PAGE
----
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Na­ture Talks Tues­day, No­vem­ber 20: Wet­land Birds in New Zea­land

Wet­lands — a gen­eral term for marshes, swamps, bogs and the wet mar­gins of rivers, streams, lakes and es­tu­ar­ies — have been de­scribed as the en­vi­ron­ment’s kid­neys.

They reg­u­late nutri­ent lev­els by tak­ing up ex­cess nu­tri­ents from the wa­ters that flow through them; fil­ter out or­ganic par­tic­u­lates in­clud­ing, in agri­cul­tural land­scapes, fae­cal ma­te­rial; detox­ify pol­lu­tants; se­quester heavy me­tals; and con­trol wa­ter flow. Apart from these func­tions, which im­prove the qual­ity of wa­ter flow­ing out of them, they also serve as vi­tal habi­tat for spe­cial­ist plants, in­ver­te­brates, fish and birds.

New Zea­land has lost pro­por­tion­ately more of its nat­u­ral wet­lands than al­most any other coun­try. Es­ti­mates of wet­land ex­tent prior to hu­man set­tle­ment, based on as­sess­ments of land­form, soils and the dis­tri­bu­tion of re­main­ing wet­lands, sug­gest that we have lost around 90 per cent of wet­lands through them be­ing drained and in­filled for agri­cul­tural and ur­ban de­vel­op­ment. Be­fore hu­man set­tle­ment, wet­lands cov­ered just un­der 2.5 mil­lion ha (9.2 per cent of the land), of which only around 250,000 ha sur­vive to­day. Many of these re­main­ing wet­lands are still at risk of be­ing drained or filled in, or be­ing de­graded by pol­lu­tion and re­duced wa­ter in­flows due to up­stream ab­strac­tion and com­mer­cial af­foresta­tion. Over­all, our wet­lands suf­fer from gen­eral ne­glect and ig­no­rance of their bio­di­ver­sity val­ues and eco­log­i­cal func­tion­ing.

In the last Na­ture Talks pre­sen­ta­tion for 2018, As­so­ciate Pro­fes­sor Phil Bat­t­ley from Massey Uni­ver­sity will ex­plore what this loss and degra­da­tion means for wet­land birds, fo­cus­ing es­pe­cially on the true swamp-dwellers — bit­tern, rails and crakes, fern­bird — species that live nowhere else. What are the spe­cial char­ac­ter­is­tics of wet­land birds and of their wet­land habi­tats? Which species orig­i­nally in­hab­ited our wet­lands, and which still sur­vive, na­tion­ally and lo­cally? What is their cur­rent sta­tus and what must be done to se­cure their fu­ture? The talk will be given in the Davis Lec­ture Theatre, Whanganui Re­gional Mu­seum (Watt Street en­trance), on Tues­day, No­vem­ber 20, start­ing at 7.30pm.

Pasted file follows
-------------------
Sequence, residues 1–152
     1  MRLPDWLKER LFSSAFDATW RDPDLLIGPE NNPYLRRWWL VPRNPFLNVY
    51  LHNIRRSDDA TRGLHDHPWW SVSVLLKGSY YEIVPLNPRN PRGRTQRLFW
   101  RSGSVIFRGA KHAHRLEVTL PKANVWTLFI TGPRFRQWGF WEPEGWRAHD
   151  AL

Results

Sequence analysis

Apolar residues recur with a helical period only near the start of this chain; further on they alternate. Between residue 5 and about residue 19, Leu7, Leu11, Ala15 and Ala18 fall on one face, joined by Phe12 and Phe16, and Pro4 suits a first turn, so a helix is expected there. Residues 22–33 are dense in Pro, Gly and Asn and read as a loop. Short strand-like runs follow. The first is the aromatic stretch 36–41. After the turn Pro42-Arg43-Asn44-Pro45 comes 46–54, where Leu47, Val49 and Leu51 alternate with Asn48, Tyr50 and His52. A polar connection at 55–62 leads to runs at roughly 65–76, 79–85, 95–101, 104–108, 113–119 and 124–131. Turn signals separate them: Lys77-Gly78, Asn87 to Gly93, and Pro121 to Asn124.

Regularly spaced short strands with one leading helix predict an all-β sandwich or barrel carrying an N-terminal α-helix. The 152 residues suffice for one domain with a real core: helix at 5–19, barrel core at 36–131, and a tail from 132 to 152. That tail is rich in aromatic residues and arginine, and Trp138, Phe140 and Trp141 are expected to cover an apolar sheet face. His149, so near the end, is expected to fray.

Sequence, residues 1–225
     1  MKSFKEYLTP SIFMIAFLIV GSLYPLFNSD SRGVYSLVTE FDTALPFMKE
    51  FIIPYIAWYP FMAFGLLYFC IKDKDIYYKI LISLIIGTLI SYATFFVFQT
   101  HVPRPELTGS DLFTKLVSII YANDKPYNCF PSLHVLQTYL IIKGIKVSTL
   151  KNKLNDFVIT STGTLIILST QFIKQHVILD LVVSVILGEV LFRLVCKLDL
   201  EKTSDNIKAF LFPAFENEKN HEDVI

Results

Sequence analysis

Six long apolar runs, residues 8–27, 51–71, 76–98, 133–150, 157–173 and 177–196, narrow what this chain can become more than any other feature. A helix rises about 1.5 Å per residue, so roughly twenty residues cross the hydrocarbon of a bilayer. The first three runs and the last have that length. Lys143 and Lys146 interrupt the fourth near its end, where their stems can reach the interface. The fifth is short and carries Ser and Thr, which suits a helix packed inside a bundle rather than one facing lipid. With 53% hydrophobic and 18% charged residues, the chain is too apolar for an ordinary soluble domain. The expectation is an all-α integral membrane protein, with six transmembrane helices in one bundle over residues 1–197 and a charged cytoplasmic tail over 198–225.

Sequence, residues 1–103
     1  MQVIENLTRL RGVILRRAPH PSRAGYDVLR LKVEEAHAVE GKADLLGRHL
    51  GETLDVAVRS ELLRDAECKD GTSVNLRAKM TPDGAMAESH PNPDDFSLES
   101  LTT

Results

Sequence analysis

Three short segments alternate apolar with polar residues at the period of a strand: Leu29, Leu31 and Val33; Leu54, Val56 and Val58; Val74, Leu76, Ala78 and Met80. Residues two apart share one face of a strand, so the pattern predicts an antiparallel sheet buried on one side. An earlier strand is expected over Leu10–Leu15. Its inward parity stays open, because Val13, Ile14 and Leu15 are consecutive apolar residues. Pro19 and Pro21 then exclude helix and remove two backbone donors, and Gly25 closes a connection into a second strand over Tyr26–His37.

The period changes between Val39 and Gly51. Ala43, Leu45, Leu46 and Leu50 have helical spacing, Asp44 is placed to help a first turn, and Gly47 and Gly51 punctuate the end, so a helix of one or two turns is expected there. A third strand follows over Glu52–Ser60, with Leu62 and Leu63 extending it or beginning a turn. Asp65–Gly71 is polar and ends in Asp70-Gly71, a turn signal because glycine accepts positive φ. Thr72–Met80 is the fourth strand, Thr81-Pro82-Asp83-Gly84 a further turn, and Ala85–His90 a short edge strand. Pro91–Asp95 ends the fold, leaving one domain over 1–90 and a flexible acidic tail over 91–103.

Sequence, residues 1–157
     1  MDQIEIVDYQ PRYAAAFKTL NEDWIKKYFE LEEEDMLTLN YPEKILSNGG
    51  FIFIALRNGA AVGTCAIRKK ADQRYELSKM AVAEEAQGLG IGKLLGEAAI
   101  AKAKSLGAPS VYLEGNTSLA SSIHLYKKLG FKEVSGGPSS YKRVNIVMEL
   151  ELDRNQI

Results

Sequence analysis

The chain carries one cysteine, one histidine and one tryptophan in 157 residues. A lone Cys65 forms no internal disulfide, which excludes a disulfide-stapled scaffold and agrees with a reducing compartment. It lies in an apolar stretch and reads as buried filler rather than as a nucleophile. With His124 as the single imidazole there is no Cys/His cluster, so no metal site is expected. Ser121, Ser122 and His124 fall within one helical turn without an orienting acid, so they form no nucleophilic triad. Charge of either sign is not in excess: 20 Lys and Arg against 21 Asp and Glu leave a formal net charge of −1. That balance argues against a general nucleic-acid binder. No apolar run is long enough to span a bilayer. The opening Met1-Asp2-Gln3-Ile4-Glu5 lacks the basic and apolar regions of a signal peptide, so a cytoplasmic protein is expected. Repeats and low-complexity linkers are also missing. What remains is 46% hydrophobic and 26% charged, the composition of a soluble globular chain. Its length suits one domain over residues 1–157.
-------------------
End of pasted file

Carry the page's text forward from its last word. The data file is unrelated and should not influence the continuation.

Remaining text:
Na­ture Talks is a se­ries of monthly talks of­fered by three lo­cal en­vi­ron­men­tal groups — the Whanganui Mu­seum Botan­i­cal Group, the Whanganui branch of For­est & Bird, and Birds New Zea­land (Whanganui Re­gion), in con­junc­tion with the Whanganui Re­gional Mu­seum — on top­ics re­lated to New Zea­land’s en­vi­ron­ment and nat­u­ral his­tory, and their con­ser­va­tion. The talks are nor­mally held on the third Tues­day of each month. The talks are free although a gold coin koha is al­ways ap­pre­ci­ated from those who can af­ford it.

This lit­tle egret is an oc­ca­sional vis­i­tor to New Zea­land from Aus­tralia. Some of the va­grant species, over time end up breed­ing here, but not this species, so far.

PIC­TURES / PETER FROST

The New Zea­land dabchick is a char­ac­ter­is­tic species of the now much-di­min­ished dune lakes that were once wide­spread on the Manawatu¯ -Whanganui coastal plain.

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